The debate over same-gender marriage and its legality can, indeed, said to be raging throughout this country. As we speak (or read) the U.S. Supreme Court is considering the issue in a precedent-setting action. At this point it is not clear what they will decide, or if they will even come to a decision. There is some information surrounding the Court which says that the Court may decide not to render an actual finding, leaving the issue of same-gender marriage to the states.
Emotionally, it is a no-brainer for most of us. The idea that two adult people who love each other should not be able to legitimize their relationship is inconceivable. Whether they be same-gender or members of the opposite sex, their ability to concretize their relationship legally is a logical move. It provides a testament to their love for each other and their intention to care for each other for life.
As a married man, I have always said that the act of marriage had unimaginable consequences. I don’t mean that in the Hollywood manner of depicting over-the-top love. No bells ringing, birds singing, or heavens opening up and showering sunbeams on the couple for ever and ever. But there is a difference in the relationship. It is grounded and surrounded with qualities of permanence and shared vision. But there is also a legal component to it which is not to be sneezed at.
That’s where this issue of equality in marriage hits the front page. For the nation to affirm the right of same-gender persons to marry legally means that the nation guarantees the rights, privileges and protections granted to all married persons. That includes insurance, health benefits, protection for children of the marriage, access to an authority over legal decisions, and numerous other factors which are so normal in our society as to escape our thinking … until someone mentions that the people involved are same-gender. For some reason, that changes the picture for a good number of people. They cite all kinds of reasons for objecting, and it would be wrong to dismiss their concerns as being meaningless.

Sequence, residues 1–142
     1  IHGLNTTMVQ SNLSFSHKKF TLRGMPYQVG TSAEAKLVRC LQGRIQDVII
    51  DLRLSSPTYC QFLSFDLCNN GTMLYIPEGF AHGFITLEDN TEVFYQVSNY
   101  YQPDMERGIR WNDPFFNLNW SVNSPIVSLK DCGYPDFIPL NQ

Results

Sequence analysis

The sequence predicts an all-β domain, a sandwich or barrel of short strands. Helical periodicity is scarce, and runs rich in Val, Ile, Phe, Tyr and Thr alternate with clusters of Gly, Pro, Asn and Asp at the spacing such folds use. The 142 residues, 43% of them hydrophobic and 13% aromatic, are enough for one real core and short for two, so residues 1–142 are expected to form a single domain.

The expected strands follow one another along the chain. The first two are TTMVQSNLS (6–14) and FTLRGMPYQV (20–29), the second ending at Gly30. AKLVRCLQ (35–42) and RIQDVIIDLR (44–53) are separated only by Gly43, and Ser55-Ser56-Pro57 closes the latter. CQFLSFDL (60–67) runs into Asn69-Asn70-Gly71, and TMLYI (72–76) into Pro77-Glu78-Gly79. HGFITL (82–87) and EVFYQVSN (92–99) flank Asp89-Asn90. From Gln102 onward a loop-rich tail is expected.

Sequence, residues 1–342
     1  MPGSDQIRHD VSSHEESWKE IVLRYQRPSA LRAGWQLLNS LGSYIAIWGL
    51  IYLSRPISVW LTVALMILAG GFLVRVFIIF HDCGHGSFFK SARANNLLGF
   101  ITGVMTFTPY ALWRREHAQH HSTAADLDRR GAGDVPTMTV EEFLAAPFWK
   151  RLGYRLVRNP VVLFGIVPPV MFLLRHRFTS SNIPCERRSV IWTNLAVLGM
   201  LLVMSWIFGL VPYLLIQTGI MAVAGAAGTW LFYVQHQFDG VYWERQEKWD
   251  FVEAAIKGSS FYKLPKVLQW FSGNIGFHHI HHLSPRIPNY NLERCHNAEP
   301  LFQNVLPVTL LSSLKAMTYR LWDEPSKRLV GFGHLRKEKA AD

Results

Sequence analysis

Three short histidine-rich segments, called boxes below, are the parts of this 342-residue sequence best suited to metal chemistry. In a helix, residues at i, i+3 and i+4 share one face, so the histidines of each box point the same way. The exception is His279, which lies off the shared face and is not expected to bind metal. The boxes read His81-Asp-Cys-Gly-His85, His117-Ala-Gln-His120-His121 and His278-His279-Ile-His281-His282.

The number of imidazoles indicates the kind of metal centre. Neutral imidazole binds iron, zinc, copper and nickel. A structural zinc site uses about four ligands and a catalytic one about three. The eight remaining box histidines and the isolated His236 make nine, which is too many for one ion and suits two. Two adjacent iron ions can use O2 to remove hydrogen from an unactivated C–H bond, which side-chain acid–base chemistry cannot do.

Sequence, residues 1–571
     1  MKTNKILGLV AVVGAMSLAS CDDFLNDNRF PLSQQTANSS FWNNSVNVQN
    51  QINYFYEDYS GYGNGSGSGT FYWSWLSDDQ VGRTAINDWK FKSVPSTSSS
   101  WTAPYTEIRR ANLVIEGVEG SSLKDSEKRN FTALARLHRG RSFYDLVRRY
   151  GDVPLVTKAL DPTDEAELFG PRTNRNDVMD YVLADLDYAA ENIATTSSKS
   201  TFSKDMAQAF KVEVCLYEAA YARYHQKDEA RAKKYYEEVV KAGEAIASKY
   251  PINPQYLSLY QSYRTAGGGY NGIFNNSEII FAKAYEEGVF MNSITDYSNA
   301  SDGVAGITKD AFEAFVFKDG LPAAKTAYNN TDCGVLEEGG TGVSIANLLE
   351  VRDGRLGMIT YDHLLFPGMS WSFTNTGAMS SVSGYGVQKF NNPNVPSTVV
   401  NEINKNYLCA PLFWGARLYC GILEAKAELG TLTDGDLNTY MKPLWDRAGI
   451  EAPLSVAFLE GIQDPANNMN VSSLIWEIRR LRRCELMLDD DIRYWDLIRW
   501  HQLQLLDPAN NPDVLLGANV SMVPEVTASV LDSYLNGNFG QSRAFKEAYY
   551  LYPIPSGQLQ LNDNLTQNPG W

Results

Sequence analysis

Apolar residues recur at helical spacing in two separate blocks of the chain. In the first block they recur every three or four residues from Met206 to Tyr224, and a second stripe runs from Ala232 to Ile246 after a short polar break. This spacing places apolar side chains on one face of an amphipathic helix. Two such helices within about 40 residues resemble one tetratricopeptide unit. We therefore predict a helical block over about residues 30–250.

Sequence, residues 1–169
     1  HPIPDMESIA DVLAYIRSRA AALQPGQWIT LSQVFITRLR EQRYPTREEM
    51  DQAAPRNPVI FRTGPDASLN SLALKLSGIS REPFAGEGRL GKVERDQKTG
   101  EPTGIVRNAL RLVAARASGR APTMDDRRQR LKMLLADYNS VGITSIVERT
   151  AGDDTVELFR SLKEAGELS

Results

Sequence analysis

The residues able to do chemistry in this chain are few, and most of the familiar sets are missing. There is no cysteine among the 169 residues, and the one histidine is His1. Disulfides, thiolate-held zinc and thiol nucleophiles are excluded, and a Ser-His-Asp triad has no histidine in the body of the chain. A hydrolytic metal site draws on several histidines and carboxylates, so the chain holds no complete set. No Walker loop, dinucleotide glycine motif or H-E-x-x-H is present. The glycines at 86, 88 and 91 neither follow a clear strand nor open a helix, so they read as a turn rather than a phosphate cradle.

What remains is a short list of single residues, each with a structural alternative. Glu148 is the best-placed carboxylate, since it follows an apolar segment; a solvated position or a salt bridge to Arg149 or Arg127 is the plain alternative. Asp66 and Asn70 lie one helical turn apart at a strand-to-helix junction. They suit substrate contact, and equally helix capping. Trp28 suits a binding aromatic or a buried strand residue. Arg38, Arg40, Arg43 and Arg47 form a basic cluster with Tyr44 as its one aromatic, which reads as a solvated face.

But the bottom line issue is that extending this benefit to same-gender couples is a good thing to do. It is not only beneficial to them; it is beneficial to the entire nation. Any time we embrace another segment of society and draw it into the realm of normality and acceptability, we have benefited. Legal privileges also include legal requirements, so oversight of peoples’ rights is made more transparent.
Equality in marriage, as it is currently being debated, is not so much the creation of something new and revolutionary as it is the acknowledgement of a reality that has been among us from the beginning of time. People are attracted to each other (not only physically) and envision themselves as being “one.” For centuries those in charge at various levels of human interaction (government, church, etc.) defined the phenomenon narrowly, ignoring the fact that such relationships did not always follow the “norm.” Today’s action is to acknowledge that fact and affirm it.
Whether it is accomplished through the Supreme Court’s actions this week or if it takes some other direction, it is clear that the great bulk of American people have come to the conclusion that it is time to grant equality in marriage to all persons, regardless of gender. Ultimately, that conclusion cannot be defeated. Many, if not most, of us believe that now is the time.
Photo Credit: Izismile